Now carry on walking again. However, this time walk 30 yards before you hand over a treat. The time after that walk 40 yards, and so on. The trick is to gradually increase the distance. Do this each day and before he knows it he will be in the habit of walking calmly while on the leash.
Recommend training method?

The Heel Method

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Step
1
Head out
Quietly secure him to the leash and then head out the door. Fit him in a body harness if you have one too. Also, try not to get him too excited as you head out the door.
Step
2
‘Heel’
As soon as he walks in front of you, give a firm ‘heel’ command. You can use any word or phrase you like. Boxers are capable of learning hundreds of different commands. Just make sure you give the command in a clear voice.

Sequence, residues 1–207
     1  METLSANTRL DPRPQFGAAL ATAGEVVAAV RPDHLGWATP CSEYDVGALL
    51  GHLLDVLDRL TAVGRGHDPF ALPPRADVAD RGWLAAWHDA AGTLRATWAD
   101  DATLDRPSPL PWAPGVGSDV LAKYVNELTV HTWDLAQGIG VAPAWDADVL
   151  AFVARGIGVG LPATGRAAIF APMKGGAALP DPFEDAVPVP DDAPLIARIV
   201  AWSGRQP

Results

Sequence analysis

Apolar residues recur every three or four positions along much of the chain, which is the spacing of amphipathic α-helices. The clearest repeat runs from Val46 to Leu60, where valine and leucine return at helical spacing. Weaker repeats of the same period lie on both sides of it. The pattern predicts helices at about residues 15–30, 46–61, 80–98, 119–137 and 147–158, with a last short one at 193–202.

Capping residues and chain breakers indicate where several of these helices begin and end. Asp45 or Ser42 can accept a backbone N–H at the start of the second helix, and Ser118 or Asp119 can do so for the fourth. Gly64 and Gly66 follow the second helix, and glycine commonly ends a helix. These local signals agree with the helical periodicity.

Step
3
Stop
As you give the command, stand still. He will eventually stop, then turn around and stare back at you confused for a while. Don’t move until he returns to your side. Eventually he will catch on.
Step
4
Start walking again
Once he has returned to your side, you can start walking again. But as soon as he pulls, stop and use the command again. It’s important you only use the command once. If you repeat it, he will quickly learn he doesn’t have to respond to you first time.
Step
5
Never punish him
It’s important that while you use the firm ‘heel’ command, you don’t terrify him. If you start punishing him, he may become scared and then aggressive. Boxers grow up to be extremely strong, so you need to ensure he remains even-tempered. So, stay calm throughout training.
Recommend training method?

The 180 Method

Effective
0 Votes
Step
1
Fit the leash